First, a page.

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Anthony Weiner and the FBI give campaign 2016 one more wild spin

Anthony Weiner and the FBI give campaign 2016 one more wild spin
Top of the Ticket cartoo (David Horsey / Los Angeles Times)

It is not as if the 2016 presidential election campaign needed a single plot twist more to make it the most bizarre series of political events since Caligula tried to appoint his horse as consul of Rome. Nevertheless, it has, indeed, gotten weirder now that Anthony Weiner's sexting escapades have been brought into the mix.

The once-rising Democratic Party star took a great fall in 2011 after being forced to confess he had "exchanged messages and photos of an explicit nature with about six women over the last three years."  Weiner tried for a comeback in 2013 when he ran for mayor, but his political resuscitation went awry when it was revealed he had been sending crotch shots to another woman under the alias "Carlos Danger."

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Even then, the sexting did not stop. This year, Weiner was caught sending a provocative photo of himself to yet another woman. This image was especially stomach-turning since it included his toddler son sleeping next to him in bed. Finally, the FBI got involved when one of Weiner's sexting buddies was alleged to be a 15-year-old girl. That is how he got himself a bit part in the presidential campaign melodrama.

On Friday, FBI Director James B. Comey sent a letter to Congress saying he was taking another look at the bureau's recently concluded investigation into Hillary Clinton's misuse of a private email server while she was secretary of State. While investigating allegations of Weiner's sexting with the teen, the FBI found a cache of emails on the computer he shared with his now-estranged wife, Huma Abedin, who just happens to be one of Clinton's closest aides — emails that, Comey said, "appear to be pertinent" to the investigation of the former secretary of State's server.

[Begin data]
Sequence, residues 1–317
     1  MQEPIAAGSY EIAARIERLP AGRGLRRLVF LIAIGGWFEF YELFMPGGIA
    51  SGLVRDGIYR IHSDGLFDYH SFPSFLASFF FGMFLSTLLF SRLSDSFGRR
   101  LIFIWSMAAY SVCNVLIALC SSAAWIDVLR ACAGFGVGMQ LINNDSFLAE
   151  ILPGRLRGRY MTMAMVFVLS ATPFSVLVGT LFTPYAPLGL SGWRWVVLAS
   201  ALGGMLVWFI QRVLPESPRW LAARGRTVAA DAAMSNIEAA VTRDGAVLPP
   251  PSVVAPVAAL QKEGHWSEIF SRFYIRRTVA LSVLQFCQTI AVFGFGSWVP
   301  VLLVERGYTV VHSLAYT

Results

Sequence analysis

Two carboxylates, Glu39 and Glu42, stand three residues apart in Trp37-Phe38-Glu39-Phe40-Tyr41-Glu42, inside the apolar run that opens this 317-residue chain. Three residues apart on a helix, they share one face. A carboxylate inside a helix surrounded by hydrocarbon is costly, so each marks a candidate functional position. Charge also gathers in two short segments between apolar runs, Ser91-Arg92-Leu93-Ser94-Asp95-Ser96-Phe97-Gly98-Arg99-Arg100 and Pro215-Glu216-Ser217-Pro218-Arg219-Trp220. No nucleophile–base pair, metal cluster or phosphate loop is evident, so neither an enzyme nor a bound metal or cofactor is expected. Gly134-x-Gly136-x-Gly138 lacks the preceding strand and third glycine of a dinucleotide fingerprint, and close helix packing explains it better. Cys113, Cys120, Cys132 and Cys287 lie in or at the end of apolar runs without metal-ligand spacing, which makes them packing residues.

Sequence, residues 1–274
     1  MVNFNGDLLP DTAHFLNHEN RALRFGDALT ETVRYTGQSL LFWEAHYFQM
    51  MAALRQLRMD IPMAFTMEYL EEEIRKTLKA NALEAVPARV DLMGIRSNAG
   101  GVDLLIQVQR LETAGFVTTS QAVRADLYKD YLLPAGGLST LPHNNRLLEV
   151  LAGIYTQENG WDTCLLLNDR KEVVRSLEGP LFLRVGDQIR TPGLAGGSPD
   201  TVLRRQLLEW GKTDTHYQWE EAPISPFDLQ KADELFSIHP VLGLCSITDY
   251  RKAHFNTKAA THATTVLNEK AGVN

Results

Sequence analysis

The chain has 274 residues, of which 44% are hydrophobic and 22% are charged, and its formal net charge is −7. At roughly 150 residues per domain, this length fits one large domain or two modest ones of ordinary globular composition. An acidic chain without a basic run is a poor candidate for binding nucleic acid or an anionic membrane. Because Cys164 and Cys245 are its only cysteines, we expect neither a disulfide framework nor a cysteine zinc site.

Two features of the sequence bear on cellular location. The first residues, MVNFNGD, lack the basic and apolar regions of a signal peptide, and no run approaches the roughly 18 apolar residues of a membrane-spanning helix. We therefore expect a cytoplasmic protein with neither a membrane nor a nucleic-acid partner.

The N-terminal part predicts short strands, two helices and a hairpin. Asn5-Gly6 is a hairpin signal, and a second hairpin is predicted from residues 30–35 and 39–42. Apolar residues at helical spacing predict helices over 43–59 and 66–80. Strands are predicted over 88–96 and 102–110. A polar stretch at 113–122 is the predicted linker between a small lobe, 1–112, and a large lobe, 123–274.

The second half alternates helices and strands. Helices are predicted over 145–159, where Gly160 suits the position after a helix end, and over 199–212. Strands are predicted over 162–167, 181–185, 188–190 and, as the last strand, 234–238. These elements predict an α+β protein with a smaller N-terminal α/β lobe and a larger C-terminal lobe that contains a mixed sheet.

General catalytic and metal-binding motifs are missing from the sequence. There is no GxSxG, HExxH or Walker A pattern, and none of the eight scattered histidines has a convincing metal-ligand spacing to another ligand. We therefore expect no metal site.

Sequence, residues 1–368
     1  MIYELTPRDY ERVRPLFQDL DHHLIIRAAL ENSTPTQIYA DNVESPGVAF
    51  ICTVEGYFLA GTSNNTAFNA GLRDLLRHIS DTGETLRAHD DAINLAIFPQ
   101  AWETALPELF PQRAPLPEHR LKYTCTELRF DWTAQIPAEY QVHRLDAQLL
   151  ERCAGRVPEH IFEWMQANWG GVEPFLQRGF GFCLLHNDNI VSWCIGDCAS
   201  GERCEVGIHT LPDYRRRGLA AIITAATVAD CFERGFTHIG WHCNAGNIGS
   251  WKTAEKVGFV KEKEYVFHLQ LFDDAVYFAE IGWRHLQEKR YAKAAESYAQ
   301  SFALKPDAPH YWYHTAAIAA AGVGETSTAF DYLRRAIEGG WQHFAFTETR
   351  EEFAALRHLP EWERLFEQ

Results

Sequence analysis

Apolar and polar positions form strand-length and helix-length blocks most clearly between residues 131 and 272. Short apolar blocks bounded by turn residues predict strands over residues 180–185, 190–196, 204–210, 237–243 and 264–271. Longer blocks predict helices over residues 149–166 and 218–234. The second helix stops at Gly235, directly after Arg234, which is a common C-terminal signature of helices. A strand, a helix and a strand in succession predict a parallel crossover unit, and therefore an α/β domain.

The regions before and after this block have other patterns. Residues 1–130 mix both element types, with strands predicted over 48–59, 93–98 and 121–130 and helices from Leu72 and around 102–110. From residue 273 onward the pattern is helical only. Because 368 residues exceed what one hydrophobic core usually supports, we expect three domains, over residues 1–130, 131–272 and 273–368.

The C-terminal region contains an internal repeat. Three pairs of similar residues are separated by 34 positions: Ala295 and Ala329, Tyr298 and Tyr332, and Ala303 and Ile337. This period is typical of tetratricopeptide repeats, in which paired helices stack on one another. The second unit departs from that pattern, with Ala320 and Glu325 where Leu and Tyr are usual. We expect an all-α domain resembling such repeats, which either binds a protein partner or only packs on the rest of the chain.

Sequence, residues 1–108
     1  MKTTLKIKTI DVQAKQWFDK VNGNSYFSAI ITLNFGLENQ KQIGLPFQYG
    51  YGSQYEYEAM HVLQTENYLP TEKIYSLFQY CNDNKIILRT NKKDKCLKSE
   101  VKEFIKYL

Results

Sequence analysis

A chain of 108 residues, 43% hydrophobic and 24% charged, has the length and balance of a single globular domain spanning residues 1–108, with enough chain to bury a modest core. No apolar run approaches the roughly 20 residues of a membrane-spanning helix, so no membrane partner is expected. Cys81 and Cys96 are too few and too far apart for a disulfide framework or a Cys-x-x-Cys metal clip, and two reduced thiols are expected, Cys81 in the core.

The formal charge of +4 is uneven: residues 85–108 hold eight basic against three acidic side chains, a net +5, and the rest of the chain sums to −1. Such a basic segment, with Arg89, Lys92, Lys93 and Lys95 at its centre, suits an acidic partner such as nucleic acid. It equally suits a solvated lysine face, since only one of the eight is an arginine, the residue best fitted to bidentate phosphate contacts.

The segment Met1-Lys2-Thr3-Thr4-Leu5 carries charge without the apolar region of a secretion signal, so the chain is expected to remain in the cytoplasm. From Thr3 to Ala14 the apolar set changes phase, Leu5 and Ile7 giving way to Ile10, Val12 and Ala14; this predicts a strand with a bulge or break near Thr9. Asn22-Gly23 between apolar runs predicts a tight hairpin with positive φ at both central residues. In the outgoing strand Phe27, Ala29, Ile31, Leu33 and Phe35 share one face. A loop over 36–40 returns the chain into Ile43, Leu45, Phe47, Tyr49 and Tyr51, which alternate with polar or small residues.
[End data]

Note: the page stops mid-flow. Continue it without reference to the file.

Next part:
Comey's note set off a massive stink bomb in the presidential race and upended conventional electoral calculations that have been saying Clinton could safely pencil in an inauguration speech for Jan. 20. Republican presidential nominee Donald Trump was unrestrained in his glee and his rhetoric. Immediately, he began telling revved-up crowds at his rallies that perhaps the system is not rigged after all. "They are reopening the case into her criminal and illegal conduct that threatens the security of the United States of America," Trump declared. "Hillary Clinton's corruption is on a scale that we have never seen before."

He added even more wild hyperbole in his public pitches Monday, saying "we can be sure" the emails on Weiner's computer will reveal "a most egregious offense" and that "concealing her criminal conduct" was Clinton's obvious purpose in having a private server.

Of course, as in most things he says, Trump was not accurate. The "case" has not been reopened, nor is there any evidence that Clinton's "criminal conduct" is anything more than a bureaucratic management failure. In a letter to FBI employees, Comey tried to calm the storm that he unleashed and that Trump is riding. He essentially confirmed that the bureau has no idea if the emails on the Weiner-Abedin computer have any importance or if they have any direct connection to Clinton and said, "I don't want to create a misleading impression."

That's a laughable remark, since a very huge misleading impression has been created and is having a dramatic effect on the campaign. Trump suddenly has new hope, Clinton suddenly has a new problem and Comey is being excoriated for violating longstanding FBI practices. The rule has long been that details of ongoing investigations are not disclosed until the inquiry is complete to avoid tainting the reputations of the innocent, especially if such action would intrude on an election campaign. Comey shattered that prudent tradition, apparently to avoid creating problems for himself with congressional Republicans who were miffed that he failed to pillory Hillary in the email probe.

Despite Trump's rants, this new email revelation tells us pretty much nothing. Still, the return of "Carlos Danger" to the stage has heightened the campaign's already stratospheric entertainment value. Now, if only Bill Cosby and O.J. Simpson can be written into the script before election day …

Follow me at @davidhorsey on Twitter

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